The social life of caves: a new archaeological-geomorphological approach, with examples from France and Aboriginal Australia
12 MARCH 2014
Abstract: Caves and rockshelters are a key component of the archaeological record but are often regarded as natural places conveniently exploited by human communities. Archaeomorphological study shows however that they are not inert spaces but have frequently been modified by the actions of people, sometimes in ways that imply a strong symbolic significance. Bruno David will discuss how a team of researchers has developed an integrated archaeological and geomorphological approach that can reveal how the material fabric of caves and rock-shelters has been shaped, and re-shaped, through social engagement. He will explore the history of the material space, or of elements within it, at Chauvet Cave in France and Nawarla Gabarnmang rockshelter in Australia. Deep within Chauvet Cave, fallen blocks were moved into position to augment the natural structure known as The Cactus, while at Nawarla Gabarnmang, blocks were removed from the ceiling and supporting pillars removed and discarded down the talus slope. These are hence not ‘natural’ places, but modified and socially constructed, and highlight how even apparently materially set places have human histories that can be systematically investigated.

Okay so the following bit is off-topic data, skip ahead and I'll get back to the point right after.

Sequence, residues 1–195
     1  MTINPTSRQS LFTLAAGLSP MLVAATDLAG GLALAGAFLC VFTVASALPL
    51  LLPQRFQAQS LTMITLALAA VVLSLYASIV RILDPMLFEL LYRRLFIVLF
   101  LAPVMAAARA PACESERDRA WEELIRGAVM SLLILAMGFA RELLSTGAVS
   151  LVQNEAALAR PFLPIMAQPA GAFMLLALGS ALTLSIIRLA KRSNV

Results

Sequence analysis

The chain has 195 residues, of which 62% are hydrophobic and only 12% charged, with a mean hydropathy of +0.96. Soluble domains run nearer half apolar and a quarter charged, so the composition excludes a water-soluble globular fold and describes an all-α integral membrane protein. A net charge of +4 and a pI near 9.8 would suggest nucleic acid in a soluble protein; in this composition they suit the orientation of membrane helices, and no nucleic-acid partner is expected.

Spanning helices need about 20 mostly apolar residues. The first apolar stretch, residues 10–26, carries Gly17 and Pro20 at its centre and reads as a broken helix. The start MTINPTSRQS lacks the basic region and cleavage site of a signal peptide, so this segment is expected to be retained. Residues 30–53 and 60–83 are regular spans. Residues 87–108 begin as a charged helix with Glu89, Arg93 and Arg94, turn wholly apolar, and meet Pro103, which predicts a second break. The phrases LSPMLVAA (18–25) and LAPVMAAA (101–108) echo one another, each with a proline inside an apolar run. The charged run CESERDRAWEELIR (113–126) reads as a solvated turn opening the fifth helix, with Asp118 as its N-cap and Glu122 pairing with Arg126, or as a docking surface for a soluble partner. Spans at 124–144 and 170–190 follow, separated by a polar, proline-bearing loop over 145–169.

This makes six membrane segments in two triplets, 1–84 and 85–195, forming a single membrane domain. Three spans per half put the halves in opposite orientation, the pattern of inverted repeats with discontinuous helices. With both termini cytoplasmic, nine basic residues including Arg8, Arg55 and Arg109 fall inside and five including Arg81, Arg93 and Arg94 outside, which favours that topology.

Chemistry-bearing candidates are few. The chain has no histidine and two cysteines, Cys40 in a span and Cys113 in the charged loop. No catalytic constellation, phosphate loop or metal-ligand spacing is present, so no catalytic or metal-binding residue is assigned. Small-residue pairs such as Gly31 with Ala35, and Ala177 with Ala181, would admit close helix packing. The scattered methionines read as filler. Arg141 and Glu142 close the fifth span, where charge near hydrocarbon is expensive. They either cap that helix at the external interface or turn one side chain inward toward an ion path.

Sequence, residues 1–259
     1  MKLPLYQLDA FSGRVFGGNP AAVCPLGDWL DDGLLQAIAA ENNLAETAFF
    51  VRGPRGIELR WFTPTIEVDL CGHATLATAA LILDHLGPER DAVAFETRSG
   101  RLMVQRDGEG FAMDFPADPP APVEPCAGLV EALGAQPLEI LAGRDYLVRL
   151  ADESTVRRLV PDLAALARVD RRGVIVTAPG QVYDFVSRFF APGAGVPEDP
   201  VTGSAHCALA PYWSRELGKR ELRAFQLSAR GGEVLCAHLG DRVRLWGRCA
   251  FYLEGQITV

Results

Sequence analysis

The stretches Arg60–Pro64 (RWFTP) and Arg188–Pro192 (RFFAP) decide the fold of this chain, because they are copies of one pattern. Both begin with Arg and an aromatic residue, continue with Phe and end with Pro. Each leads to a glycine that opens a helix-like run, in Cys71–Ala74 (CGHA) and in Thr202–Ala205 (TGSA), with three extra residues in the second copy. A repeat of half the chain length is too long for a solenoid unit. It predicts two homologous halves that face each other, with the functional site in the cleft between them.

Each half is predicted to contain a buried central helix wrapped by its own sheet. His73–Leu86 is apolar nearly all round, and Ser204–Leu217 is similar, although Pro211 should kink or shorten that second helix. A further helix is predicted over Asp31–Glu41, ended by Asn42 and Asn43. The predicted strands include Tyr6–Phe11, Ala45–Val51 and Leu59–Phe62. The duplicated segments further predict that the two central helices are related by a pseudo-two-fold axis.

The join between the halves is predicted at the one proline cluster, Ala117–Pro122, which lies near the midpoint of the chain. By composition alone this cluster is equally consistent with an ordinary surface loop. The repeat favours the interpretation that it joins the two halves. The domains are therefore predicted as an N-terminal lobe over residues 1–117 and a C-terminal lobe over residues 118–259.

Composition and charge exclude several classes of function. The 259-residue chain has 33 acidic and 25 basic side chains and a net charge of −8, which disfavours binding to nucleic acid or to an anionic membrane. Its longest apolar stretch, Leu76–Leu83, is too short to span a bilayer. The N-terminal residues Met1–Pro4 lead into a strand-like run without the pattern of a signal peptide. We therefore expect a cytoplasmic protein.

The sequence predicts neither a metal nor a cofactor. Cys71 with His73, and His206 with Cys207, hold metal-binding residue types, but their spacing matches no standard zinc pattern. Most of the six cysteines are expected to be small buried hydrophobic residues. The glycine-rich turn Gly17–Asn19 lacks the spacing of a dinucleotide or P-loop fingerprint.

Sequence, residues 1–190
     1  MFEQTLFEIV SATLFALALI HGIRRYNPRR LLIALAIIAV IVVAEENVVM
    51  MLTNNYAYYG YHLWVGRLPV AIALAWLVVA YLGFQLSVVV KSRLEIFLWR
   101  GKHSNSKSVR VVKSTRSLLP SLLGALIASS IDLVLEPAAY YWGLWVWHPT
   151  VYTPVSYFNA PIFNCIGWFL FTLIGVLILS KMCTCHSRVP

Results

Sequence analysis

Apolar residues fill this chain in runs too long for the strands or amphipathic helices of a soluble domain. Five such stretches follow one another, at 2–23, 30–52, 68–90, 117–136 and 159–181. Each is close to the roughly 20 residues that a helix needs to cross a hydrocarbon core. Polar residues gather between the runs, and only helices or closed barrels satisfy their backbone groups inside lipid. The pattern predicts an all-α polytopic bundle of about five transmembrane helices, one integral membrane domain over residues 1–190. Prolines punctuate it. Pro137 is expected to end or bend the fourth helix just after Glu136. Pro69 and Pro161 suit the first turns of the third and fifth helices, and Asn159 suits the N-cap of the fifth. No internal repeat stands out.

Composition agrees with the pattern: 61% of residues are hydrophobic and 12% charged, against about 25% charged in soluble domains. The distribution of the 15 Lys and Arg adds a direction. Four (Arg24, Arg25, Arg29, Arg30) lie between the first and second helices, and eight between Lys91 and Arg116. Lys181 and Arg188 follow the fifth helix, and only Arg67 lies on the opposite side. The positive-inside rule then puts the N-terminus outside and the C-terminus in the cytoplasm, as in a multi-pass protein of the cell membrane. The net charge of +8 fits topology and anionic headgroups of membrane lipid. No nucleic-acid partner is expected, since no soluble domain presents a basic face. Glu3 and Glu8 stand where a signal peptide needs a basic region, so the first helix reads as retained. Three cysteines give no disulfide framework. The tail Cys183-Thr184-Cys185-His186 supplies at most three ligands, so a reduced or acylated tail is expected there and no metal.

Dr Bruno David holds an Australian Research Council Discovery Outstanding Researcher Award.